Fred Barnes is the executive editor for The Weekly Standard.
What would President Reagan do in the debt limit battle? That's unknowable, but we do know what his goal would be: get the best deal possible under the circumstances. Reagan never let the perfect or the unattainable keep him from achieving the good.
Reagan spent the 1980 campaign promoting a 30 percent, across the board tax cut on individual income. It would be phased in over three years, starting in 1982.
Since Democrats controlled the House by a sizeable margin, Reagan couldn't get exactly what he wanted. True, he could have held out for a 30 percent cut and probably gotten nothing. Instead, he trimmed his tax proposal to 25 percent over three years, starting in 1983, and Congress passed it in 1981.
Reagan's tax cuts weren't the only reason the economy soared, but they were a big one. And those cuts turned out to be a down payment on a further reduction in tax rates in sweeping tax reform in 1986. If he hadn't compromised five years earlier on tax cuts that lowered the top rate to 50 percent, it's unlikely he'd have succeeded in cutting it to 28 percent in 1986.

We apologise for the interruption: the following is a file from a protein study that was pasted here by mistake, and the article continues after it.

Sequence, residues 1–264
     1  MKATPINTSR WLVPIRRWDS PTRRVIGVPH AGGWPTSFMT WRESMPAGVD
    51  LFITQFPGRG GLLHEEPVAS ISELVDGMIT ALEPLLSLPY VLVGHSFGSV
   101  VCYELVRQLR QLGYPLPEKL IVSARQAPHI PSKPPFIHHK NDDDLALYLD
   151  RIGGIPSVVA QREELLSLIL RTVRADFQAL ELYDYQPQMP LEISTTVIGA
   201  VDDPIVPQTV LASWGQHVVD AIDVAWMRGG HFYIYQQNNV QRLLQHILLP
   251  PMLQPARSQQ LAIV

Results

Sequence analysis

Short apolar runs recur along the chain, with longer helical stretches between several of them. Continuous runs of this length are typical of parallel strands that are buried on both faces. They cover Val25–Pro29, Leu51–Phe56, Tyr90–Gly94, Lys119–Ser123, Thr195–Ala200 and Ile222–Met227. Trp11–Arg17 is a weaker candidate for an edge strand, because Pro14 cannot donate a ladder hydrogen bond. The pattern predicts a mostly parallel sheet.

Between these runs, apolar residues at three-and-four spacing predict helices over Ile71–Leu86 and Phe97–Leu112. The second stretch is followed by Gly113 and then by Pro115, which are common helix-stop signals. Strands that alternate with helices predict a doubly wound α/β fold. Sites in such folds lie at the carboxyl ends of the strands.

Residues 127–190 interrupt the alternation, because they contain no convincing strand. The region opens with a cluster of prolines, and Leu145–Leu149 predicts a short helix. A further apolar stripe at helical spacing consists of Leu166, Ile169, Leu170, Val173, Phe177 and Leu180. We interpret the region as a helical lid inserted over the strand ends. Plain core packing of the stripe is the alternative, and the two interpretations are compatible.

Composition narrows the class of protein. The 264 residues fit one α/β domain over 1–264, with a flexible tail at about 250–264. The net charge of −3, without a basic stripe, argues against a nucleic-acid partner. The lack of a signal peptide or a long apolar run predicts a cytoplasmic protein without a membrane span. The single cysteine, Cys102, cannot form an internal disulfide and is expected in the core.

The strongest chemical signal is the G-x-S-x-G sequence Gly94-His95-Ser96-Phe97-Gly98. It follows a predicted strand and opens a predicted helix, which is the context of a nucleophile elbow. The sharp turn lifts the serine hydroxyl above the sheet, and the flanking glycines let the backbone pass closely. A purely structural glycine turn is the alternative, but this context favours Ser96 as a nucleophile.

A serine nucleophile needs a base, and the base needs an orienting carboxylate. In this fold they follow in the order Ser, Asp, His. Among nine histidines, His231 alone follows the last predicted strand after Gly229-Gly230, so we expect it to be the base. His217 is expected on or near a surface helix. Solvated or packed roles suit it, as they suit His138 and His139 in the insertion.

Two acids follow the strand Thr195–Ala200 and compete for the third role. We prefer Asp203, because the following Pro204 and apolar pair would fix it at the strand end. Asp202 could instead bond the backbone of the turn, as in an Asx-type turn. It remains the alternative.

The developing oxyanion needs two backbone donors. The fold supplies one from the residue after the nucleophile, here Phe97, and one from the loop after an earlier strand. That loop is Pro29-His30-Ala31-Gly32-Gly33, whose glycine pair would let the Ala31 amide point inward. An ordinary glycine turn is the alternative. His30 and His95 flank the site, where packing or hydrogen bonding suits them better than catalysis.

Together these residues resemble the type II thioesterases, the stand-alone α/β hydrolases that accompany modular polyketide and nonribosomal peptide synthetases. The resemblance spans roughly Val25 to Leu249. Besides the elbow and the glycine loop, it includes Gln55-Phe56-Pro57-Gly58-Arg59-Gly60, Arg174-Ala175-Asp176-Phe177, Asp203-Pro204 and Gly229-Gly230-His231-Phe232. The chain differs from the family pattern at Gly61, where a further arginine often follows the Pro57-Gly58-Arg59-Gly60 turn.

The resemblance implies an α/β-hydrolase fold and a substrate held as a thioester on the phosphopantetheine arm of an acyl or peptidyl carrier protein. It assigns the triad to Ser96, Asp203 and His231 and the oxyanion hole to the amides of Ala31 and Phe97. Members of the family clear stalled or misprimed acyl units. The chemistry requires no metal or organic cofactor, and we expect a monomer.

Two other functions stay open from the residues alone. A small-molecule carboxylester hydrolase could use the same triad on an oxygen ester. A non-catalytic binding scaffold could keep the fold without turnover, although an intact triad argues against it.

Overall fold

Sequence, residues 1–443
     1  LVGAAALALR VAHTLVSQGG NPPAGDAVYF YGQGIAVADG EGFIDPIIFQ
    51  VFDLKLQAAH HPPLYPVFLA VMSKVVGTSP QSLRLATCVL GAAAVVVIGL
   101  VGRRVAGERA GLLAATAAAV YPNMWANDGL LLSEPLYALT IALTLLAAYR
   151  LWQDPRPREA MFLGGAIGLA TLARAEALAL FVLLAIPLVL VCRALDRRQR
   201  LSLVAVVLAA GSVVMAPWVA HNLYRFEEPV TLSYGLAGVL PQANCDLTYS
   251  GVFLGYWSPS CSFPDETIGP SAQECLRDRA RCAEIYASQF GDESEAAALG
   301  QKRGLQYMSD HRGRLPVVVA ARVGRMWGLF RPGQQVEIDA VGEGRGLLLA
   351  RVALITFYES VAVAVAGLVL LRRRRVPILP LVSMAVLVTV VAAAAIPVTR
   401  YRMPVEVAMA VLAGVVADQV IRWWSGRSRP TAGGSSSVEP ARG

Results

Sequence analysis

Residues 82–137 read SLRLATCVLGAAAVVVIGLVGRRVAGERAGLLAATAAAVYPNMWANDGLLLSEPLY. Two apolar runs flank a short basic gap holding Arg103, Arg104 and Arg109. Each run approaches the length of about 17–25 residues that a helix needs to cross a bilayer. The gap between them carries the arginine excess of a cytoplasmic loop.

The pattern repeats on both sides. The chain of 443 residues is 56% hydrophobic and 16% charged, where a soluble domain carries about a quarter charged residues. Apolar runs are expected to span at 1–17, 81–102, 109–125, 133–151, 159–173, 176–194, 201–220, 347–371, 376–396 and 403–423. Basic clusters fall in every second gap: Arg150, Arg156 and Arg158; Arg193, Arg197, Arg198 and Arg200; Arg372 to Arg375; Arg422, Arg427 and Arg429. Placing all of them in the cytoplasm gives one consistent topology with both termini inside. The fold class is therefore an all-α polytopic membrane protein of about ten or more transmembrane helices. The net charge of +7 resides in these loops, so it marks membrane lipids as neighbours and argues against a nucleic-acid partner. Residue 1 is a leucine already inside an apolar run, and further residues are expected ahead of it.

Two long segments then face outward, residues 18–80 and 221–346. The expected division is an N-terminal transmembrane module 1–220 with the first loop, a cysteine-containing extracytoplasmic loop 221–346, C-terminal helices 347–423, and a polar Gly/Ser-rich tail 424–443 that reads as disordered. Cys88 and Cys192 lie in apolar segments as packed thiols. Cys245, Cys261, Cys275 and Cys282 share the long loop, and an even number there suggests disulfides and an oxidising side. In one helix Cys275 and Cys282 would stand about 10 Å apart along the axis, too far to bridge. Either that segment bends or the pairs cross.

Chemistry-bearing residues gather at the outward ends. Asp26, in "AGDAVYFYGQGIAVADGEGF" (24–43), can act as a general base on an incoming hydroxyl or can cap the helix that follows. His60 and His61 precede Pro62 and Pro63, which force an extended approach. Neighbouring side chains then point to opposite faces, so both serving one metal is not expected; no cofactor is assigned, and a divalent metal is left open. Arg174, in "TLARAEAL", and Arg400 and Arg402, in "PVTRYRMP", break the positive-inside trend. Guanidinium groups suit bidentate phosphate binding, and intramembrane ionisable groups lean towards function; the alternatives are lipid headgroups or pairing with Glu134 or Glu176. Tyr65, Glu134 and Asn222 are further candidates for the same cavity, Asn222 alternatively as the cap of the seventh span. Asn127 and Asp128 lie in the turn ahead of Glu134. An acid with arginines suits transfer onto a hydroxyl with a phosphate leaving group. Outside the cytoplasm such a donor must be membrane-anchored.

Reagan faced a similar situation on national security. In the campaign against Jimmy Carter, he'd advocated a tough stance against the Soviet Union that included an expensive military buildup. Most Democrats were opposed.
He made a deal, if only a tacit one. Democrats would go along with a surge in defense spending and Reagan would accede, to some extent anyway, to higher domestic spending. Deficits grew, but the groundwork was laid for winning the Cold War.
Now, back to the debt limit fight. Would Reagan support the Boehner plan for cutting spending while agreeing to a hike in the debt ceiling? I think so. He would see it as the best deal that's attainable at the moment. Sure, he would favor deeper cuts, lower spending caps, and a balanced budget amendment, too, but he would recognize those can't pass now. He wouldn't let his pursuit of them keep him from achieving something substantial now.
By first grabbing what he could, Reagan opened the way to driving tax rates down later to the level he wanted all along. The result: an economic boom that lasted for a quarter century. He accepted a tradeoff between military and domestic spending. The result: we won the Cold War.
Lots of politicians are smart. Reagan was wise. He knew that, in politics, you never get everything you want in one swoop. You take what you can get now and, if all goes well, come back for the rest later.
It's fine to stand on principle. You'd be hard pressed to name a Republican leader who was more principled, as a conservative, than Reagan. But Reagan applied his principles over the long run, and that's why he achieved so much.